First National Bank in South Africa says it is working towards introducing an exciting new mobile payment device to its merchant services offering in the coming months. The announcement follows the conclusion of an agreement between the bank and mPowa, the first company to introduce this technology in the United Kingdom.
mPowa works by using a free mobile phone app and a reader which connects to a smartphone or mobile device by plugging into its headphone socket or connecting via Bluetooth. It enables companies and individuals to accept card payments from their customers on the go in a quick and convenient way. The mobile app is free to download on iPhone, iPad, Android, Windows and Blackberry devices and functions as the control centre that accepts the payment.
The agreement will involve First National Bank embedding the mPowa tools and software into FNB’s own merchant services, which will enable them to tailor the look and identity of the card service whilst maintaining the sophisticated and patented functionality that mPowa offers.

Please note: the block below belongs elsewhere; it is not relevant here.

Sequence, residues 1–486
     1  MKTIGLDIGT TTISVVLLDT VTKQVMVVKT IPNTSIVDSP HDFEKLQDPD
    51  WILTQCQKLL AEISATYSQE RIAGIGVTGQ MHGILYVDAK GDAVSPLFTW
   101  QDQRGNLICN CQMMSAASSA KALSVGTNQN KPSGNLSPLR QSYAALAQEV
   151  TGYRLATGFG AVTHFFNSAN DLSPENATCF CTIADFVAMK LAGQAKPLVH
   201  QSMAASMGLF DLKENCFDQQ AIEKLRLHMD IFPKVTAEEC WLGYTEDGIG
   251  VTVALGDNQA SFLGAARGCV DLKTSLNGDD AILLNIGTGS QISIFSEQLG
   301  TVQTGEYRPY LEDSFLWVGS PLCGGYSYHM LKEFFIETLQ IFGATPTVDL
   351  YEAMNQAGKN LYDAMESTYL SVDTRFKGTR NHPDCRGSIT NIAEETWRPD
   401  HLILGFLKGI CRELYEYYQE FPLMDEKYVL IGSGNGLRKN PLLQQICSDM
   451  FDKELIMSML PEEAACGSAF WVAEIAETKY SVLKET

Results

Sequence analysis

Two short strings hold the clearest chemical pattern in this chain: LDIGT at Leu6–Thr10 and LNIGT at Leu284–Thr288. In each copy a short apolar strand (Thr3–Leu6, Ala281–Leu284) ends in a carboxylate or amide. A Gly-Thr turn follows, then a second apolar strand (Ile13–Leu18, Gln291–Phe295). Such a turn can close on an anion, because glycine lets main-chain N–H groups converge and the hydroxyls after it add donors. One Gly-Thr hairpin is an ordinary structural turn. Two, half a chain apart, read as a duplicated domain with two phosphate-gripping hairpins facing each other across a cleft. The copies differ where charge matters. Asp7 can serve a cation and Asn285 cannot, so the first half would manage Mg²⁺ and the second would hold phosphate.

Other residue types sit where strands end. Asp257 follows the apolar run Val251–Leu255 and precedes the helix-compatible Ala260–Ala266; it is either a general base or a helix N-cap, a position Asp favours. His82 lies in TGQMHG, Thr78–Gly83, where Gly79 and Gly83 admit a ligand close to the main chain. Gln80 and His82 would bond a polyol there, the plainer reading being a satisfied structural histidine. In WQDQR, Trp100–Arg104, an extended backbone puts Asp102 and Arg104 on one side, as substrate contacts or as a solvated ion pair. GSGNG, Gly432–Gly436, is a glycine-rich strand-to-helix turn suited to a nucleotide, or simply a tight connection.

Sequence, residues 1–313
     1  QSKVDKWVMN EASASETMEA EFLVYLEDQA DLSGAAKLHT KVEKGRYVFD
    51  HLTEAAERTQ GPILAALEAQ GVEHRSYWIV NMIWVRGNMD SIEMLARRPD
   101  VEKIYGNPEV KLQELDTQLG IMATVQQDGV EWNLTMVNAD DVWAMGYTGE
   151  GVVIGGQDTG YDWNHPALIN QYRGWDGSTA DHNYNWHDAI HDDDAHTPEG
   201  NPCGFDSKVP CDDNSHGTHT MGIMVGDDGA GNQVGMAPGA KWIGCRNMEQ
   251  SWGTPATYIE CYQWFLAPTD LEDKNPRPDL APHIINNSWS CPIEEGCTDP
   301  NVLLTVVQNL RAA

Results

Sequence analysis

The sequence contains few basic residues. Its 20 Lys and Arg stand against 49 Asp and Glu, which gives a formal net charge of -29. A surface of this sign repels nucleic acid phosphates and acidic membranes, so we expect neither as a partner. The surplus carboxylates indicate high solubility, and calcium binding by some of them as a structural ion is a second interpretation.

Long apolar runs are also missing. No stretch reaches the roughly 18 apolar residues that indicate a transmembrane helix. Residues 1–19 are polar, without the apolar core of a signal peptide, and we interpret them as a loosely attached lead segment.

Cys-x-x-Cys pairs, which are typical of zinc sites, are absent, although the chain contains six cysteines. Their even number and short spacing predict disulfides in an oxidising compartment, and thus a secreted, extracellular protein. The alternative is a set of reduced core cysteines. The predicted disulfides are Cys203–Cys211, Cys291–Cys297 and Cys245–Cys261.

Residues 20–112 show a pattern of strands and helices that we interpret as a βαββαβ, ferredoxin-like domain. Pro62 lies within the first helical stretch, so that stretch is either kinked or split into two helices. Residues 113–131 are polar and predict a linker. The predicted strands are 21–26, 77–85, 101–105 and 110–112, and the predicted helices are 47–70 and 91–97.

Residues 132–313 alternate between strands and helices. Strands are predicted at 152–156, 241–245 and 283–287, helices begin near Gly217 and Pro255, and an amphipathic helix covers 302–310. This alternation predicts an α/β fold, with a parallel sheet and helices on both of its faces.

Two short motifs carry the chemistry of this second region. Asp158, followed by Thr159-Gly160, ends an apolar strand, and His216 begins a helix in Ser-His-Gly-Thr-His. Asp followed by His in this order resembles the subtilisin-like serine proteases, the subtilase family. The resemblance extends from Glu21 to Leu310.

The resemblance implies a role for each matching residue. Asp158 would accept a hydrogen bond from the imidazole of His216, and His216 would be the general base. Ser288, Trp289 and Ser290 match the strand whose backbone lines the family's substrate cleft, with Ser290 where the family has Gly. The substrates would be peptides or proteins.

Dan Wagner, CEO of mPowa, said, ‘We’re delighted to have signed this important deal with First National Bank. It will enable them to mobilise thousands of their business customers which in turn will allow them to be much more flexible in how they do business. In today’s marketplace, nobody wants to be tied down to a fixed location.
Jacques Celliers, CEO of FNB Business Banking said, ‘We have recognised the need to support our merchants’ desire for mobility and convenience. We will be looking to mPowa to provide us with a robust and secure mobile environment that will appeal to our demanding and techno savvy customers.’
‘The South African economy requires an entrepreneurial culture to be incubated and supported from all stakeholders. Thousands of our small business clients are in the services industry and a fixed merchant device is not of much use to them. This new technology promises to allow our customers to accept card payments anywhere, anytime. It could mean the difference between success or failure for many of them,’ adds Celliers.